1. Patients who developed rheumatoid arthritis (RA) were less likely to have had a gastrointestinal (GI) or genitourinary (GU) infection within the previous two years.
2. Recent gastroenteritis was linked with a lowere RA risk in patients with both the presence and absence of anti-citrullinated protein antibodies (ACPA).
Evidence Rating Level: 3 (Average)
Study Rundown: A connection between recent infections and the risk of rheumatoid arthritis (RA) has long been hypothesized. In addition, the connection between the microbiome and autoimmunity has been an important area of investigation, especially for RA. This Swedish case-control study, a subset of the Epidemiological Investigation of Rheumatoid Arthritis (EIRA) study, documented incidence of RA over a 10 year period and collected data about infections within in two years preceding diagnosis. After adjusting for socioeconomic status and smoking, the study found that patients with a recent history of gastroenteritis and urinary tract infection had a lower risk of developing RA than those that did not. While prostatitis also showed a borderline significant reduction in risk, there was no association found with sinusitis, tonsillitis, and pneumonia. When separating the patients into anti-citrullinated protein antibody (ACPA)+, a frequently used biomarker for RA, and ACPA- groups, a decreased risk of RA in patients with previous gastroenteritis history was still found in both groups. However, ACPA+ RA risk was also reduced in patients with urinary tract infections, genital infections, or sinusitis, while there was a borderline significant increase risk of ACPA- RA associated with sinusitis.
The results of this study are intriguing in that they generate evidence to hypothesize that a mechanistic link between the microbiome and RA may exist. Still, the data presented in this study is not without its potential for bias, especially since history of recent infection was self-reported and the exact nature of the reported infections could not be discerned. In addition, an analysis of risk by sex would have been informative, though female patients made up 72% of participants and may have made detecting differences from males more difficult. Overall, the findings warrant a more rigorous study to further parse the relationship between host microbiome, infection, and autoimmunity.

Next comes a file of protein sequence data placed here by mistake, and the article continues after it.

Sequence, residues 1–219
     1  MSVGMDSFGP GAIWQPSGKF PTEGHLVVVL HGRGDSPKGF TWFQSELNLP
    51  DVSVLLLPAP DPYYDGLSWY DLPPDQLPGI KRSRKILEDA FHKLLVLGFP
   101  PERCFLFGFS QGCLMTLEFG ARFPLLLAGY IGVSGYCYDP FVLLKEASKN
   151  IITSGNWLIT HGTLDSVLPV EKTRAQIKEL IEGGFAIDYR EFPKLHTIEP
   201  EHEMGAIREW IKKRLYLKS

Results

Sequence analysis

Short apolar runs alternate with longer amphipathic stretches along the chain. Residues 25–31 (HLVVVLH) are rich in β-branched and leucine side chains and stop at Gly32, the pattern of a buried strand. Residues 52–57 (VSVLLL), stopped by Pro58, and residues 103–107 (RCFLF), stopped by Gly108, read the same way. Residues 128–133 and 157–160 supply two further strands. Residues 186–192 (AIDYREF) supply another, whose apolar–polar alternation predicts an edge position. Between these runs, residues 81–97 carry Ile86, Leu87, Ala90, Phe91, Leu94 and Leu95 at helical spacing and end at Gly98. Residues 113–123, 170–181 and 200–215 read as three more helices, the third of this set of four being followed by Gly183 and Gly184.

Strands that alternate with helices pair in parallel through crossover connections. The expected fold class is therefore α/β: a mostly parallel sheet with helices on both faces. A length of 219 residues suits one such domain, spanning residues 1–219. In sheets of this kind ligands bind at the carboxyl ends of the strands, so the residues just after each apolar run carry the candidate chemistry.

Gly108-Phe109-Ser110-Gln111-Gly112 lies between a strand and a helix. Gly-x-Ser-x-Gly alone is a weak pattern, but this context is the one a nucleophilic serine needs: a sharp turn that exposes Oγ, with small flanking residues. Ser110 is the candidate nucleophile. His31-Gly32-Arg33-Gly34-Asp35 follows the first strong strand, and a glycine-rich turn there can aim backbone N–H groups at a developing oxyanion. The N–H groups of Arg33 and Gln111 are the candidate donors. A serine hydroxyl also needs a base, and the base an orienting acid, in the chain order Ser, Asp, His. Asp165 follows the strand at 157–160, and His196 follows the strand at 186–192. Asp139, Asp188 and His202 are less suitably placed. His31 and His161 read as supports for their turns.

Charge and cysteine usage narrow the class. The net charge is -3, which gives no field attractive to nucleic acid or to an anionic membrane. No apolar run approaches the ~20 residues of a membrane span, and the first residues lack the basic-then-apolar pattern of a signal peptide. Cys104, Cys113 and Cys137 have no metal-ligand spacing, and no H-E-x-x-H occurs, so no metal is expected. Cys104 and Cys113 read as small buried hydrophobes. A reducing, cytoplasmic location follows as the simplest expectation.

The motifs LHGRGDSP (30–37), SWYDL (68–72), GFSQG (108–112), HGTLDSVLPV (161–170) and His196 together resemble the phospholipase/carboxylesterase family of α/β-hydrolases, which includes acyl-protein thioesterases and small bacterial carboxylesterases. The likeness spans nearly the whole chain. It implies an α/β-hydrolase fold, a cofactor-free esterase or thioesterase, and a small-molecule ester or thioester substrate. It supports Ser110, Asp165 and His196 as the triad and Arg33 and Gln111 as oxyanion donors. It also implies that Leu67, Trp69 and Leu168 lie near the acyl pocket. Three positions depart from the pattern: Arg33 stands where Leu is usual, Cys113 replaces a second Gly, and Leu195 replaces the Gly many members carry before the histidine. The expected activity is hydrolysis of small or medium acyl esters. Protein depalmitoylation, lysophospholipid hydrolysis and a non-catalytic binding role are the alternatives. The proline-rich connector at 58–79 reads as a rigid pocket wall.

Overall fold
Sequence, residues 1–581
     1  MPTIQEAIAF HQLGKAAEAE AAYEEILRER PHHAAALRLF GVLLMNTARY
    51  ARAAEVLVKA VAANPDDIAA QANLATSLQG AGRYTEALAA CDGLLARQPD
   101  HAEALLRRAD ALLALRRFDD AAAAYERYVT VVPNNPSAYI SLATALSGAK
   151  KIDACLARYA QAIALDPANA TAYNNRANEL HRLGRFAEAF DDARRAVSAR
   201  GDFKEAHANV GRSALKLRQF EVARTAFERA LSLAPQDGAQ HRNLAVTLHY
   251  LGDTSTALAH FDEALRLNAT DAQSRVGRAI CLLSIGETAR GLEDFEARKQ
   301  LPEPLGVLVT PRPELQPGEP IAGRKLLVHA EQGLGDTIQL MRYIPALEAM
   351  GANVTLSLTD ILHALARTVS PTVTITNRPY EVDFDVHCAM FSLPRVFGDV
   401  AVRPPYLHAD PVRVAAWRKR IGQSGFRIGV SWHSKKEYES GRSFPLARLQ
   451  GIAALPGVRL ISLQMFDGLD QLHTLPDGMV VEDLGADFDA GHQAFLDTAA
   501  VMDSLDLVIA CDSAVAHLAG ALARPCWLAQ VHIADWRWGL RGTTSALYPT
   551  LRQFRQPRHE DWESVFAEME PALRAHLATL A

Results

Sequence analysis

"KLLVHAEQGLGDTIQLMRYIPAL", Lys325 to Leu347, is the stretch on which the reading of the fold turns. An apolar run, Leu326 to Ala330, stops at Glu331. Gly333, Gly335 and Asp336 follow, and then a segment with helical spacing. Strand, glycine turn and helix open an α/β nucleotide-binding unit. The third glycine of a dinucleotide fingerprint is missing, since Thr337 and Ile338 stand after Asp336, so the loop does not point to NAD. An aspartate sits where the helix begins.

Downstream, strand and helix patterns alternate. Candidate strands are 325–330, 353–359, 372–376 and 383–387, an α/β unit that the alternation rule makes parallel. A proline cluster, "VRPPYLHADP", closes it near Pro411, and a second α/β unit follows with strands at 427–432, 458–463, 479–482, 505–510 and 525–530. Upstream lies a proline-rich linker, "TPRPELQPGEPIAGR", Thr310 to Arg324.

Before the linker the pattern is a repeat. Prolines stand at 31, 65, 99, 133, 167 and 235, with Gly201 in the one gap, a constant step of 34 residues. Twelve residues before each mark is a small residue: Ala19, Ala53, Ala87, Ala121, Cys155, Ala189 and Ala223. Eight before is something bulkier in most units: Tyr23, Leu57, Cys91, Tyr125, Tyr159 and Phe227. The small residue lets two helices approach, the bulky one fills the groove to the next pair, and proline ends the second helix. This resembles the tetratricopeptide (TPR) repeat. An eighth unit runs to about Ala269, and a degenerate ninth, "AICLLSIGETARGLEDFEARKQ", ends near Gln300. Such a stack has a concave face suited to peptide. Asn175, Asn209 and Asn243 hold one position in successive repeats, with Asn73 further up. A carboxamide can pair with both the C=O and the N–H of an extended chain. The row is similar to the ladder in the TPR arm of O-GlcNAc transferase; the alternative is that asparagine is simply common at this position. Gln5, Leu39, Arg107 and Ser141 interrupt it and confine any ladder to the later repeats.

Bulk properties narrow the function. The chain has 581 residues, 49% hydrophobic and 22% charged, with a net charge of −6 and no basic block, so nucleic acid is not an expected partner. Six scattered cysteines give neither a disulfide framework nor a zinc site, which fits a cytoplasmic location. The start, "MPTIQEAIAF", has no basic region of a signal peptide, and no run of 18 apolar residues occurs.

Relevant Reading: Microbial infection and rheumatoid arthritis
In-Depth [case-control study]: 6401 participants, 72% female and 83% of sampled participants from the EIRA study, were included in this Swedish study from 1996-2009. Patients with RA were given a questionnaire about infection within the previous two years as were control patients that were age, sex, and residence area matched, selected by incidence density sampling randomly. For the entire sample, recent gastroenteritis (OR = 0.71 CI95% 0.63-0.80), urinary tract infection (OR = 0.78 CI95% 0.68-0.90), and prostatitis (OR = 0.80 CI95% 0.64-1.00) were associated with lower risk of RA. No association was found for sinusitis, tonsillitis, and pneumonia. Further, ACPA+ patients had a decreased risk of RA with a previous history of gastroenteritis, urinary tract infection, genital infection, and sinusitis, while ACPA- patients only had reduced risk with gastroenteritis and an increased risk of RA with sinusitis. No significant differences in RA risk were detectable by very recent infections versus infection from 1-2 years ago, smoking, sex, socioeconomic status, and epitope status.
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